BANGKOK - Singapore’s embassy in Yangon is in touch with the Myanmar authorities over the detention of Singaporean journalist Lau Hon Meng, who is being investigated for using a drone to record images of a parliament building in Naypyitaw.
“The Singapore Embassy in Yangon was notified by the Myanmar Ministry of Foreign Affairs that Mr Lau Hon Meng, a freelance Singaporean photographer contracted by Turkish Radio and Television, was detained by the Myanmar authorities for unauthorised video recording of the Hluttaw building (House of Representatives) by drone on 27 October 2017,” Singapore’s Ministry of Foreign Affairs said in a statement on Monday (Oct 30) in response to media queries.
“Investigations by the Myanmar authorities are ongoing.”
The embassy “will provide the necessary consular assistance to Mr Lau and is closely monitoring developments to ensure that due process is accorded to Mr Lau”, the statement said. “Both the MFA and the embassy are in close contact with Mr Lau’s family.”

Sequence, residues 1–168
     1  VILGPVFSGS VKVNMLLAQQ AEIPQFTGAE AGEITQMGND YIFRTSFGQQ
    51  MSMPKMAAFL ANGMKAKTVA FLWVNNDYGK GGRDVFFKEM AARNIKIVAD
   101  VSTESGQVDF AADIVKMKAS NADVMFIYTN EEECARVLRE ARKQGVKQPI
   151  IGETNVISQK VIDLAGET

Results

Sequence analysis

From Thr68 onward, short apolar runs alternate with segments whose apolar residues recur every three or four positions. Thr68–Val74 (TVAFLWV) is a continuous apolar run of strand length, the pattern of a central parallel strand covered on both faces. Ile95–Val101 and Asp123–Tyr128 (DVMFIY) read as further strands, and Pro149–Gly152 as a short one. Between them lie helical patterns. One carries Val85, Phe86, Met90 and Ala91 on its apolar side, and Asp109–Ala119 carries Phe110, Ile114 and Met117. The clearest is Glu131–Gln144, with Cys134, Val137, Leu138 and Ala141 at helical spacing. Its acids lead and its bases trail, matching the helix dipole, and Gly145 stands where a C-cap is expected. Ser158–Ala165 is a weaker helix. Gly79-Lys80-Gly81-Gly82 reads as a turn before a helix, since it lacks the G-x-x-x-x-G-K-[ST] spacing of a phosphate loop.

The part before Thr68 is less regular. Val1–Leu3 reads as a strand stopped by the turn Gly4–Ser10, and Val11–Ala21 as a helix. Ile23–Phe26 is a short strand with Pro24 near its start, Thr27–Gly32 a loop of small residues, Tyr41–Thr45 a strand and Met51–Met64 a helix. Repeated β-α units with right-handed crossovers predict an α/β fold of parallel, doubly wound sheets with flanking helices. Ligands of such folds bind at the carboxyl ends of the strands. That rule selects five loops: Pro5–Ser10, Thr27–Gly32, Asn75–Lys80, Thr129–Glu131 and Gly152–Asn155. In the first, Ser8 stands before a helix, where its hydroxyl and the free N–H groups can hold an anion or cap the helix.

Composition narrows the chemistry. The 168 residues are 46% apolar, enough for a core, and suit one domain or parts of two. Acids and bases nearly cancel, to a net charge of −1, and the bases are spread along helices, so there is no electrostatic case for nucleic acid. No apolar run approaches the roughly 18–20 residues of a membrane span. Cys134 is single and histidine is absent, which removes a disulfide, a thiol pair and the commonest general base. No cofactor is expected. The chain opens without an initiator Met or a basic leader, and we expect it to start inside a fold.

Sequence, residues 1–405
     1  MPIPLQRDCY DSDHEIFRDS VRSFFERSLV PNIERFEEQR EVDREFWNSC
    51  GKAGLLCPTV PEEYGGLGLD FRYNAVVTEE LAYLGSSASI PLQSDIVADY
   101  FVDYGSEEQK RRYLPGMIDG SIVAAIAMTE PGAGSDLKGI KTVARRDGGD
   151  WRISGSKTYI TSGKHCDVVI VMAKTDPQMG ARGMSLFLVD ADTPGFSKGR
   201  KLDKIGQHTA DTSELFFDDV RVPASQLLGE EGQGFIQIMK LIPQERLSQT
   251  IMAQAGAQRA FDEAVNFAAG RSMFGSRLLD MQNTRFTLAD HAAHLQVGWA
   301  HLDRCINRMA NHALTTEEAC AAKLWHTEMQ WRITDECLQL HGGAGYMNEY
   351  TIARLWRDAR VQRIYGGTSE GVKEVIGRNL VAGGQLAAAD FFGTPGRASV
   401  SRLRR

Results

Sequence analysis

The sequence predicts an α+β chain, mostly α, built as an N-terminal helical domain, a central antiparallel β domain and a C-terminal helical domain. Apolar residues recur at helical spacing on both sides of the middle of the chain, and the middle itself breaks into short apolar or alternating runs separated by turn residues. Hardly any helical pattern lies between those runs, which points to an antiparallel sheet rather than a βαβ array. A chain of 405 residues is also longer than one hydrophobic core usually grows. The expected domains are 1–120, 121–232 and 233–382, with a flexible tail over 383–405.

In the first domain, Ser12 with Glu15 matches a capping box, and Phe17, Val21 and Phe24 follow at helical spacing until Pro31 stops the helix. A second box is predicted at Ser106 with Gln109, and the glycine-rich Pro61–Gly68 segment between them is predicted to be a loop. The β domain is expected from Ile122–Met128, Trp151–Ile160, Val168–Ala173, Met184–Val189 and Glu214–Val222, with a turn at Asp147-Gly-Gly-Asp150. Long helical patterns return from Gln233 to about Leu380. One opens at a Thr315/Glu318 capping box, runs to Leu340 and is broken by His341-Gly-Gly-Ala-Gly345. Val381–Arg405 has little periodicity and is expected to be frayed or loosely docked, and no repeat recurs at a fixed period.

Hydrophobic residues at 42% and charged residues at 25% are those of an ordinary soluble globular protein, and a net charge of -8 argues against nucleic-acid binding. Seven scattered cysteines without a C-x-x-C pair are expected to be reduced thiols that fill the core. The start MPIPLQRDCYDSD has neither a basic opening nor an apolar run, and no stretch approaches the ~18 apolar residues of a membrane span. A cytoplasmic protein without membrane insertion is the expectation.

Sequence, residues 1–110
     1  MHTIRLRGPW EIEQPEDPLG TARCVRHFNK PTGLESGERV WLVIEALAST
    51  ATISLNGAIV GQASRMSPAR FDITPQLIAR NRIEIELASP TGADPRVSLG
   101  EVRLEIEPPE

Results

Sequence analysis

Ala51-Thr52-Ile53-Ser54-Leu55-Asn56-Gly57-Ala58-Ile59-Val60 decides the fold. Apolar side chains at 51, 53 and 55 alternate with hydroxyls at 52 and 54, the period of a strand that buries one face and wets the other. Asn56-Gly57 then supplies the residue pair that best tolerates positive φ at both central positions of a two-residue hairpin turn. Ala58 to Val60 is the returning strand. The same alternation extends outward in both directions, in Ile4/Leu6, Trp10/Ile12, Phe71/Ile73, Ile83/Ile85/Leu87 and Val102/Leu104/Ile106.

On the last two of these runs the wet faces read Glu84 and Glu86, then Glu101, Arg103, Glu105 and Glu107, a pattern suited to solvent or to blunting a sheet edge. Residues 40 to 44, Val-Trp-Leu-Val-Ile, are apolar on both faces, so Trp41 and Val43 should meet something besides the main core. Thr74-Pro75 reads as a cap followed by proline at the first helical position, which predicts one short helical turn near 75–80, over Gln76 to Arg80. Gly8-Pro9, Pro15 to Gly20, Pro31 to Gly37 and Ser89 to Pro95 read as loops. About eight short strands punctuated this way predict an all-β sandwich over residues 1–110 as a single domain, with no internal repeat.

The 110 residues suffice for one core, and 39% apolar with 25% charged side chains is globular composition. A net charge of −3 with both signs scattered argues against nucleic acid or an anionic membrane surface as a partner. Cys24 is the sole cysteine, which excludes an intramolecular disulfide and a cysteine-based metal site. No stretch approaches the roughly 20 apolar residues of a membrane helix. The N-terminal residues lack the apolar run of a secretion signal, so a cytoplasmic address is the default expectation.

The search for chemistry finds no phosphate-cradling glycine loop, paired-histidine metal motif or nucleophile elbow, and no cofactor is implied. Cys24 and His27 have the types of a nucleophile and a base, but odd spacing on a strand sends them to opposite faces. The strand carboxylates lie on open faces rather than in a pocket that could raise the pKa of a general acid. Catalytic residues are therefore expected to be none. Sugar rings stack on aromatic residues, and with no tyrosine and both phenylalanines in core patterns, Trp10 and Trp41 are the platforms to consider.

Mr Lau and Malaysian journalist Mok Choy Lin, who was also working for the Turkish state broadcaster, were detained by security guards in Naypyitaw for using a drone. Their interpreter, local journalist Aung Naing Soe, as well as driver Hla Tin, are being held in Pyinmana prison pending investigations.
On Friday (Oct 27) evening, Mr Aung Naing Soe’s home in Yangon was raided by over 20 security officers, who seized some memory sticks.
Malaysia’s foreign ministry has said its embassy in Yangon is monitoring the case closely and will render aid to Ms Mok accordingly.
On Saturday (Oct 28), Naypyitaw policeman Tun Tun Win told The Straits Times: “The foreigners are now still at the Myoma Police Station and the locals are sent to Pyinmana prison. The case has been opened with Section eight of export import law.”
This law penalises people who export or import restricted, prohibited or banned goods, with up to three years’ jail and a fine. Myanmar has no specific law on drones, though its Department of Civil Aviation declared in 2015 that drone pilots needed to register their gadgets.
According to a report by Frontier Myanmar magazine, drones have been used in Myanmar for gathering meteorological data, structural checks and traffic control. Yet individual authorities, like the Shwedagon Pagoda board of trustees, have also attempted to restrict the use of drones on premises under their care.
Police have reportedly said the four people will be held in remand until Nov 10. The case will proceed if they are formally indicted in court.